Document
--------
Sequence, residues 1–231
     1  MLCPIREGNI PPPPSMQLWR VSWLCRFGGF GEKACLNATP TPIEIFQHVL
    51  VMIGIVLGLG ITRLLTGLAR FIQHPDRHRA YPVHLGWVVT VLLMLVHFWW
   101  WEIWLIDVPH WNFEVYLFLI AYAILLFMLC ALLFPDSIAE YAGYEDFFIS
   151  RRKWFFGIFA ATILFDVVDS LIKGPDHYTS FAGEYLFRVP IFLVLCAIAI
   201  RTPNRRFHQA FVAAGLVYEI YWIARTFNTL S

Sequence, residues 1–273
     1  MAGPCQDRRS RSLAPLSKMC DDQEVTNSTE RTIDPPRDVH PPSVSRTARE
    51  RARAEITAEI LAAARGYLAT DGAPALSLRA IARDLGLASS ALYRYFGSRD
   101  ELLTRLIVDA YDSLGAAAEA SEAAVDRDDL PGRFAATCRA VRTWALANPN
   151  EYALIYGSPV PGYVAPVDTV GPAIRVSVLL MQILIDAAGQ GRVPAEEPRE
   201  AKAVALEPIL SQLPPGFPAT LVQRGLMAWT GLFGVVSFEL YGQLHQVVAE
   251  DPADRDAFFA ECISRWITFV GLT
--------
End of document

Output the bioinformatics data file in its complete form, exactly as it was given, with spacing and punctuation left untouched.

Sequence, residues 1–231
     1  MLCPIREGNI PPPPSMQLWR VSWLCRFGGF GEKACLNATP TPIEIFQHVL
    51  VMIGIVLGLG ITRLLTGLAR FIQHPDRHRA YPVHLGWVVT VLLMLVHFWW
   101  WEIWLIDVPH WNFEVYLFLI AYAILLFMLC ALLFPDSIAE YAGYEDFFIS
   151  RRKWFFGIFA ATILFDVVDS LIKGPDHYTS FAGEYLFRVP IFLVLCAIAI
   201  RTPNRRFHQA FVAAGLVYEI YWIARTFNTL S

Sequence, residues 1–273
     1  MAGPCQDRRS RSLAPLSKMC DDQEVTNSTE RTIDPPRDVH PPSVSRTARE
    51  RARAEITAEI LAAARGYLAT DGAPALSLRA IARDLGLASS ALYRYFGSRD
   101  ELLTRLIVDA YDSLGAAAEA SEAAVDRDDL PGRFAATCRA VRTWALANPN
   151  EYALIYGSPV PGYVAPVDTV GPAIRVSVLL MQILIDAAGQ GRVPAEEPRE
   201  AKAVALEPIL SQLPPGFPAT LVQRGLMAWT GLFGVVSFEL YGQLHQVVAE
   251  DPADRDAFFA ECISRWITFV GLT